Friday, September 30, 2011

Shalom Auslander on Whether "to Circumcise, or Not to Circumcise" His Son

(Originally published in the Newark Star-Ledger in October 2007)

In his memoir “The Foreskin’s Lament”(Riverhead, $25), Shalom Auslander writes with rage, fear, humor and much profanity about growing up in a dysfunctional, strict Orthodox Jewish family in upstate New York and his raging against a vengeful God that he can’t stop believing in. He desperately wants to protect his pregnant wife and unborn son from God’s wrath and destruction. The central conflict in the memoir is whether he should circumcise his son or not.

Auslander’s engrossing story alternates between the present, where he awaits the birth of his son, and his grim, blackly comic past in a house with an alcoholic, abusive father and a death-obsessed mother and a life hemmed in by the 613 Jewish religious laws, from keeping kosher to marrying Jewish. Yeshiva teachers hammer in that God is always angry and that Anne Frank was killed because the Jews assimilated. Ever the rebel, he prays for the death of his father and tries nonkosher beef jerky at the age of nine. It is then a slippery slope to eating McDonald’s, reading pronography and shoplifting. Auslander is sent to a reform yeshiva is Israel, becomes a religious zealot, breaks his faith and sleeps with a prostitute. Again and again, he curses the God he believes will crush him. He is saved by marrying an escapee from a British Orthodox community with a sailor’s mouth. The final break with his family is searing and irrevocable.

Auslander, 37, was raised in the Orthodox Jewish enclave of Monsey, N.Y., and was educated at yeshivas in New York and Israel. He is the author of the story collection “Beware of God,” and lives in Woodstock, N.Y. with his wife and son. Auslander spoke with freelance writer Dylan Foley at a restaurant in New York City.

Q. How did you decide to write this memoir?

A. When my book of short stories came out, my editor suggested I write some articles and try to get on “This American Life.” I wrote a couple of stories and I wrote a few more, then it developed into a full book. I hated myself for writing a memoir. In the literary world, pornography is a step up. There aren’t many that I admired. They all had endings that mine didn’t seem to have. I don’t wake up with a family. I don’t get over God. As I was writing, I realized, “Here I am , about to become a father. I am not picking out Nike shoes and football wallpaper. I am worrying about God and whether to commit a brutal act on my son’s little willie.” There is no room for excitement or joy.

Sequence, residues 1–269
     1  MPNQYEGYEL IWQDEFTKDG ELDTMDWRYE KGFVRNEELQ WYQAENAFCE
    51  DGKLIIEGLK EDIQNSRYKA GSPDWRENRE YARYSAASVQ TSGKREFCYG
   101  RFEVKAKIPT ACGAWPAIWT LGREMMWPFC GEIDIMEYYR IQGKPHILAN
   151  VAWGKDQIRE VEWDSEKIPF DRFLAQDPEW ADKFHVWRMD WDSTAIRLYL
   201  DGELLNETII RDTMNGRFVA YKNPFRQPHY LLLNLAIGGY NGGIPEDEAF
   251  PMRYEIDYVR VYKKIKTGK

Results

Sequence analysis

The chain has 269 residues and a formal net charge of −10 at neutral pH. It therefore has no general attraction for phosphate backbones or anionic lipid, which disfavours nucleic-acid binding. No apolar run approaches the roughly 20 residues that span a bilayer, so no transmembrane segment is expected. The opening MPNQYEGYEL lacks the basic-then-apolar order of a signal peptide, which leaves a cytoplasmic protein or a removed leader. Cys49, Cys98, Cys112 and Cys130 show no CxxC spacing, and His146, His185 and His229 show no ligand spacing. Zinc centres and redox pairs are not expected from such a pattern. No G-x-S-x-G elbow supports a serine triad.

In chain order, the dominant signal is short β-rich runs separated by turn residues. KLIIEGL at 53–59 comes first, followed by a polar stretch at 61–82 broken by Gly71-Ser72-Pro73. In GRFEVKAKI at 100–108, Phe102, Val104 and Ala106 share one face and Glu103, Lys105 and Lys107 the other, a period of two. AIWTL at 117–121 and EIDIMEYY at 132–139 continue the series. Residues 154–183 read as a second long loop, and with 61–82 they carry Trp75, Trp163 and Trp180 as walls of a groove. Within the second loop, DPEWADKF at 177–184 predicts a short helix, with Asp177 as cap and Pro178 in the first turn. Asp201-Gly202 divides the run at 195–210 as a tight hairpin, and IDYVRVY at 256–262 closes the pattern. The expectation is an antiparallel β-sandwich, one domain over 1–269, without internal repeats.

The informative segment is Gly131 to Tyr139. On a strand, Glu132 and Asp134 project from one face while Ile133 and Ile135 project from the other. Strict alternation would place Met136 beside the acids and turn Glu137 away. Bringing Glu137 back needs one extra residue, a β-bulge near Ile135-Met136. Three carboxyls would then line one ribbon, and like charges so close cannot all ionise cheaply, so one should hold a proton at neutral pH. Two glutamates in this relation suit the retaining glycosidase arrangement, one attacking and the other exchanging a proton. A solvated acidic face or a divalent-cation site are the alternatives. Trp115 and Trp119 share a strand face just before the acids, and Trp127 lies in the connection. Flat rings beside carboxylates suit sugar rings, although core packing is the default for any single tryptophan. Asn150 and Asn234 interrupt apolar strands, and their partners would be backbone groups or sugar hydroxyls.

Q. Throughout the book, you have an ongoing, ranting conversation with God. He is also your only confident. Why?

A. He was my imaginary (jerky) friend. Because I went through so many changes, from practicing to not practicing, in the family and out of the family, I had no choice but to confide in him. He knows everything. He’s like an evil siamese twin that I can’t get rid of.

Q. How would you describe your dysfunctional childhood household?

A. At some point, I called my mother “the belle of the misery ball.” She was obsessed with death and dying. Everything with her was incredibly sad or syrupy sweet. You never felt that there was anything genuine there. My father was an angry, untalkative, unemotional father, who I was terrified of as a child.

Q. You gather up all the pornography and sex toys in your house and burn them, risking an almost certain beating from your father. Why?